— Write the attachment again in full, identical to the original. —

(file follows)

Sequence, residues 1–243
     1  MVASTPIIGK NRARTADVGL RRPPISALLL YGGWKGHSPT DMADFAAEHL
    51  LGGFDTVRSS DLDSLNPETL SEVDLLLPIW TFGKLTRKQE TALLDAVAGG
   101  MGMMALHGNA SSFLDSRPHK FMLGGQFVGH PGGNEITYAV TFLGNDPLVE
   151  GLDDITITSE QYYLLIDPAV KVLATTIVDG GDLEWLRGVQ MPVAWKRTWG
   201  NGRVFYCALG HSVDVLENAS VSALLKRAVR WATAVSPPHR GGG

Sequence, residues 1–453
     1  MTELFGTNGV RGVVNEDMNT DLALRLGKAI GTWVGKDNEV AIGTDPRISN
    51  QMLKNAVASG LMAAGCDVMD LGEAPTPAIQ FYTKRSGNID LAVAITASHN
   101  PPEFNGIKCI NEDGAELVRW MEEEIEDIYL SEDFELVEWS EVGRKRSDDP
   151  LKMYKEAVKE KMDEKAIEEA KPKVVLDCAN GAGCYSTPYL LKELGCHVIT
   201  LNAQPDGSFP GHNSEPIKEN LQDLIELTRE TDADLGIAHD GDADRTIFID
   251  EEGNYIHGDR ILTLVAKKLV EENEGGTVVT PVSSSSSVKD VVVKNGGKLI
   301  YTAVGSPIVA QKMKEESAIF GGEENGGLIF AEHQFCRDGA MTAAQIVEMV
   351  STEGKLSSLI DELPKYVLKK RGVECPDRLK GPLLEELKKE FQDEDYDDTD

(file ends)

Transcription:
Sequence, residues 1–243
     1  MVASTPIIGK NRARTADVGL RRPPISALLL YGGWKGHSPT DMADFAAEHL
    51  LGGFDTVRSS DLDSLNPETL SEVDLLLPIW TFGKLTRKQE TALLDAVAGG
   101  MGMMALHGNA SSFLDSRPHK FMLGGQFVGH PGGNEITYAV TFLGNDPLVE
   151  GLDDITITSE QYYLLIDPAV KVLATTIVDG GDLEWLRGVQ MPVAWKRTWG
   201  NGRVFYCALG HSVDVLENAS VSALLKRAVR WATAVSPPHR GGG

Sequence, residues 1–453
     1  MTELFGTNGV RGVVNEDMNT DLALRLGKAI GTWVGKDNEV AIGTDPRISN
    51  QMLKNAVASG LMAAGCDVMD LGEAPTPAIQ FYTKRSGNID LAVAITASHN
   101  PPEFNGIKCI NEDGAELVRW MEEEIEDIYL SEDFELVEWS EVGRKRSDDP
   151  LKMYKEAVKE KMDEKAIEEA KPKVVLDCAN GAGCYSTPYL LKELGCHVIT
   201  LNAQPDGSFP GHNSEPIKEN LQDLIELTRE TDADLGIAHD GDADRTIFID
   251  EEGNYIHGDR ILTLVAKKLV EENEGGTVVT PVSSSSSVKD VVVKNGGKLI
   301  YTAVGSPIVA QKMKEESAIF GGEENGGLIF AEHQFCRDGA MTAAQIVEMV
   351  STEGKLSSLI DELPKYVLKK RGVECPDRLK GPLLEELKKE FQDEDYDDTD